This simple requirement, similar to the guidelines for prescription drug broadcast marketing, would provide needed information to consumers and improve self-regulation at the commercial. Internet service providers and print publishers who carry advertising have the ability to decide which ads to carry. They have been cooperative in limiting obvious frauds by establishing acceptable use policies, but they depend on having clear legal guidelines that they can enforce. Deceptive promotions for products that lack ingredient information could be easily addressed by the publisher carrying the content. Even before any need for enforcement, having an online ingredient list could become a standard for weeding out unethical ads.

2) Every product label should carry a Manufacturerís Statement on Precautions and Side Effects.

If the claim is "None" for a particular product, but comparison shopping shows similar products with fair warnings, it will be clear when the consumer isnít getting the whole story. Making it clearly a claim by the manufacturer takes the burden and accountability for the statements off the FDA, and puts it back onto the producers where it belongs. An improvement on this proposal would be a required listing of the manufacturerís suggested safe minimum age. This is an easily recognized measure of product safety, and product liability concerns should keep the numbers fair, even if they are qualified by specifying lower doses.

A statement on precautions addresses the clear desire for consumers to get more information, not less. The DSHEA shows that people are concerned that the FDA might suppress information on potential benefits by restricting claims. What seems to be skimmed over is the risk side of the equation. While the supplement act improperly puts the burden of substantiating a particular required warning on the FDA, it doesn'ít exclude a requirement that manufacturers make some statement on their own.

3) The FDA needs a problem tracking database.

This would be similar to the adverse event reporting database for supplements, but for tracking all product complaints reported to the FDA. Finding the right person within the FDA to handle a specific issue is an exercise in frustration. Problems always seem to be deflected to some other division, until a dead end is reached. The current stated policy of CDER, for example, is to avoid any complaints regarding misbranded drugs sold over the internet, unless the product is purchased and mailed to their office, or until someone is physically harmed. The internal offices understandably want all inquiries directed through the front line consumer inquiries division. Once a problem is taken under investigation, details become unavailable without the formality and delay of filing an FOIA request.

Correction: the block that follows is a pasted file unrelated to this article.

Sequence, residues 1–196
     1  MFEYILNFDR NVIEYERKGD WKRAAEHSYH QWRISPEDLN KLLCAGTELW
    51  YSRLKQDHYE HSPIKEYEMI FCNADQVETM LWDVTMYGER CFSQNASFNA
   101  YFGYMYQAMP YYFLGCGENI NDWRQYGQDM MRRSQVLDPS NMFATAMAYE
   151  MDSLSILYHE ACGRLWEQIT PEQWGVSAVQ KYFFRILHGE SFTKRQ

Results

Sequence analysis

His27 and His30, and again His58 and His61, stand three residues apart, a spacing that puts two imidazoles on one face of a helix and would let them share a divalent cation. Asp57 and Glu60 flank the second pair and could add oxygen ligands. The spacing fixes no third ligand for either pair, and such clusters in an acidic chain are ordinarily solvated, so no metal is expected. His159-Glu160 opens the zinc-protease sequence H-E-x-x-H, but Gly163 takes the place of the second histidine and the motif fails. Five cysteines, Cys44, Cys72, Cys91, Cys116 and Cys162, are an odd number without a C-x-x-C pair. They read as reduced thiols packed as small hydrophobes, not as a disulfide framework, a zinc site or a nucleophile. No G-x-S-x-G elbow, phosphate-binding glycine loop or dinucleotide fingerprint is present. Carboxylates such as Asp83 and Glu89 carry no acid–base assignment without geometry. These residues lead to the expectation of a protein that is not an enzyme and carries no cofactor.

Rather than placing the burden on a cooperative outsider to find the right destination within the FDA, it would be helpful if the consumer inquiries division could take down all the info, assign it a tracking number for follow-up, and forward it to the appropriate internal division. Even if it concerns an trade issue, forwarding the complaint to the FTC, and keeping track of their responses, would foster better communication between the two agencies.

The clear public consensus is a desire for more information and choices, mixed with concern that the FDA will take away viable treatments. I strongly believe that the FDA should concentrate on requiring that manufacturers provide adequate information on potential risks to balance their benefit claims. Trying to police the mess after the fact just doesn'ít work. Requiring a statement of ingredients, and adverse effects will at least make purchasers aware of potential problems. It puts no extra burden of enforcement on the FDA or FTC. In fact, it would surely reduce the number of problems, and save a number of lives in the process.

Thank you for your time,
Ed Anderson

The FDA's considered response to these comments was that existing law requires manufacturers to include all pertinient information on the label. That's clearly not done in practice, which is why the various claims are considered misleading. The labeling requirements need to be mandatory, not at the promoters' discretion.